It is possible for a baby to be allergic to something you’ve eaten, which breaks down and is included in your breast milk, but that shouldn’t be a fear that causes you to change your diet from the start. Rather, eat normally, and watch for any pattern of your baby seeming fussy after you eat certain foods; then experiment with your diet.
MYTH 6: When you’re breastfeeding you are should still “eat for two.”
False. Breastfeeding does burn calories, which might leave you feeling hungry. But you’re not ‘eating for two.’ A normal, balanced diet, with a normal calorie count, is enough to maintain breast milk production.
MYTH 7: Drinking cold beverages can cause the nursing child to catch a cold.
False. It is perfectly okay for lactating women to consume cold beverages. (In fact, feeling cold or consuming cold drinks has nothing to do with catching a cold.) You can even keep breastfeeding if you actually are sick with a cold — don’t worry, the viruses that cause colds don’t transmit through breast milk.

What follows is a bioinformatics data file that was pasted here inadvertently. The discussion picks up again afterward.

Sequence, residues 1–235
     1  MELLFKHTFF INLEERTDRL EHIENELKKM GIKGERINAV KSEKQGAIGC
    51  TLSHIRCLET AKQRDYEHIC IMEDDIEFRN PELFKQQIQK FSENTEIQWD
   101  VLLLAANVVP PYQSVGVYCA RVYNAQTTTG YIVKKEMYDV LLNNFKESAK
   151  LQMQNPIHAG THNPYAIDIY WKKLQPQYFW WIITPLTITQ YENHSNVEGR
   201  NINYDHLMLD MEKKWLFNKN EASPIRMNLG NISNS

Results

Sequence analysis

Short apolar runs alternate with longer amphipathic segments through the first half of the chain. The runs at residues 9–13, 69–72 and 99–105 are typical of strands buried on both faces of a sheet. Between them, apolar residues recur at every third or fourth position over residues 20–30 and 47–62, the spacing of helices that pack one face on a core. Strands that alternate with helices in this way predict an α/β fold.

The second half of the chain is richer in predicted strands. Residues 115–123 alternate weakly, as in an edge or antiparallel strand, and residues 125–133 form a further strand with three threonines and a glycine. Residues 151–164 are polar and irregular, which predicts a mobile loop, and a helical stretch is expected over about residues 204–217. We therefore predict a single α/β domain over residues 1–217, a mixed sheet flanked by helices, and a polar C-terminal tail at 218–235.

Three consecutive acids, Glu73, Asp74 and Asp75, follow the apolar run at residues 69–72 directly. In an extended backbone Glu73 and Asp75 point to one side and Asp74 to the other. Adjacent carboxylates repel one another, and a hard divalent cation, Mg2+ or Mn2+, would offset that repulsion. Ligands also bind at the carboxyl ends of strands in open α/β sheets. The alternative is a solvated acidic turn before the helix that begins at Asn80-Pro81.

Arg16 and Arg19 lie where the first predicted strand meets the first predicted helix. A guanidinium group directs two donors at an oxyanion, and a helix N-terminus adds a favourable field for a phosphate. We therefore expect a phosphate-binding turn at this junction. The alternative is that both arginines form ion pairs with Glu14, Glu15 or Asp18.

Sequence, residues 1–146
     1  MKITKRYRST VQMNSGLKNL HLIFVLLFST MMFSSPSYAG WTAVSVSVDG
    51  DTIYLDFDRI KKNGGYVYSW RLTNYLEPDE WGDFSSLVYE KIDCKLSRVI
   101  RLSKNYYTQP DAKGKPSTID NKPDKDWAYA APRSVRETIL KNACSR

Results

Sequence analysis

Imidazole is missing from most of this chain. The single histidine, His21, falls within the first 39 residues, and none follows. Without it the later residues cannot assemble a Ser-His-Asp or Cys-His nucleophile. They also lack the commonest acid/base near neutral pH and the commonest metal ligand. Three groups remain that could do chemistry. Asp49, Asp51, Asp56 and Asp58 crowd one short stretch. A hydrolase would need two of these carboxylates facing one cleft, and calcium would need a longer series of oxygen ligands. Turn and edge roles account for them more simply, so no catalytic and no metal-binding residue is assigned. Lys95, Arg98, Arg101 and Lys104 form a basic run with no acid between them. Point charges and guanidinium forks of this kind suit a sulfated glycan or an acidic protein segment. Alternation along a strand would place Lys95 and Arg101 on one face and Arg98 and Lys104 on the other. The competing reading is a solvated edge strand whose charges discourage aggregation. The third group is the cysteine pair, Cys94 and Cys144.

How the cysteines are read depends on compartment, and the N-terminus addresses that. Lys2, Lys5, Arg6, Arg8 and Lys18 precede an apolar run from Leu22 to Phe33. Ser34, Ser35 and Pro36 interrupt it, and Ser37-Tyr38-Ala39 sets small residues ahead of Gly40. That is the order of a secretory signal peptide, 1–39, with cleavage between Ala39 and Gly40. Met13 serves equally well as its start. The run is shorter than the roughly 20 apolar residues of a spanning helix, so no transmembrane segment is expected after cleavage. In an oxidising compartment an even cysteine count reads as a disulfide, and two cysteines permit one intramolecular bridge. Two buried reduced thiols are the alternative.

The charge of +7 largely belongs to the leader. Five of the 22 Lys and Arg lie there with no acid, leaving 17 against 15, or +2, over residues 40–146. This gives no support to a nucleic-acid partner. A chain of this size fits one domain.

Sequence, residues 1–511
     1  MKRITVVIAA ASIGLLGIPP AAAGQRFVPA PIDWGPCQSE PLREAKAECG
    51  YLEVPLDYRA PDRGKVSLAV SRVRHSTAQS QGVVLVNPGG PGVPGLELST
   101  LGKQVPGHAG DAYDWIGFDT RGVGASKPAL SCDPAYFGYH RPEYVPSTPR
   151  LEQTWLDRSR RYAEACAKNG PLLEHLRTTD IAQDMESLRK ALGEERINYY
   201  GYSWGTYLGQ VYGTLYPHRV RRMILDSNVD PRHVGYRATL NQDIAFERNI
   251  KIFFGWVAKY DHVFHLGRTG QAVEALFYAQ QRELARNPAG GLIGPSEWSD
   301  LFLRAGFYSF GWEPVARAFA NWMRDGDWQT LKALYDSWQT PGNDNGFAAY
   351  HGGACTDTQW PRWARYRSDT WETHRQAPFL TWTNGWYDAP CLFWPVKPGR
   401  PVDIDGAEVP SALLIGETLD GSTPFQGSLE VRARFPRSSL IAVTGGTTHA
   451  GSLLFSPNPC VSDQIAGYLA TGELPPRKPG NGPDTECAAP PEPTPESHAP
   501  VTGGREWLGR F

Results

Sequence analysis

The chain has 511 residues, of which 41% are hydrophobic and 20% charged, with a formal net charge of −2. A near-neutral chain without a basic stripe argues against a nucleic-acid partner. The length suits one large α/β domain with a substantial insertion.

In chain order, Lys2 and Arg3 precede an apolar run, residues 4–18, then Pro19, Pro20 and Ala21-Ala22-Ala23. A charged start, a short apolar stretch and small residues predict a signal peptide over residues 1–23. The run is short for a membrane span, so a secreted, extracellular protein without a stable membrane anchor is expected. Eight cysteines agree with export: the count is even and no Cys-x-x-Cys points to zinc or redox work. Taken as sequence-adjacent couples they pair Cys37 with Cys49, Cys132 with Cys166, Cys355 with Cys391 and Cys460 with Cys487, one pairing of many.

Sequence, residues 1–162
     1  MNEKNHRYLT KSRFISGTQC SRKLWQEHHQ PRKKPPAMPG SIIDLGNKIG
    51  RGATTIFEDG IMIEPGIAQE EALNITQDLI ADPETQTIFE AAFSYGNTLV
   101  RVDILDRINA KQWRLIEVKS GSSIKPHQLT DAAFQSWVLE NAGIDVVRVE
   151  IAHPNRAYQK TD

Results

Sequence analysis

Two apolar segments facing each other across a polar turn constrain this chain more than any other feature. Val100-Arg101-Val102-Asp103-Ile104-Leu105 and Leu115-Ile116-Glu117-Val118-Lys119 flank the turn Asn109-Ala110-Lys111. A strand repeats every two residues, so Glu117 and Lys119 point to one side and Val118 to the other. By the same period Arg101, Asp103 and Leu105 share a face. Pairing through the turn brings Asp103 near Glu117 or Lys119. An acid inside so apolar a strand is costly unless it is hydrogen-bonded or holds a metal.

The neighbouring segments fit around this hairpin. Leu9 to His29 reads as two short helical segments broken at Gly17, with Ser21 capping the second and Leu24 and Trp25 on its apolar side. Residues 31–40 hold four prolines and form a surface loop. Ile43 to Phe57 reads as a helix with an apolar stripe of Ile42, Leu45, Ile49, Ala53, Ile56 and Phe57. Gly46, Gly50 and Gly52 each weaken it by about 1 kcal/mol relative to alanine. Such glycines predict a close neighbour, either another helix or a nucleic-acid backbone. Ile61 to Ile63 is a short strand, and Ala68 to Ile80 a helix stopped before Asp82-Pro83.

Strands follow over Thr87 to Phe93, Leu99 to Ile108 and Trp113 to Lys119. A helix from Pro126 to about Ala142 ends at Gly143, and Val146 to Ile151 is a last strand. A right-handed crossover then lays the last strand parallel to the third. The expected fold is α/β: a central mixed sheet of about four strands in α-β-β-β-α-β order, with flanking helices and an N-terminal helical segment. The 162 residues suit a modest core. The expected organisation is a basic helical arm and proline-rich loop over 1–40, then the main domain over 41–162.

MYTH 8: It’s normal for breastfeeding to be painful.
False. You might initially feel a tingling sensation in your breasts if you’re new to breastfeeding. But if breastfeeding is painful, then it isn’t being done right. You might want to look at either the baby’s latch or a possible tongue tie issue. If you can’t identify or resolve the pain, reach out to a lactation consultant, who can guide you through figuring out the problem. If you’re reading this while you’re still pregnant, consider attending ante-natal classes that discuss various breastfeeding positions and techniques, which may help you avoid experiencing any pain.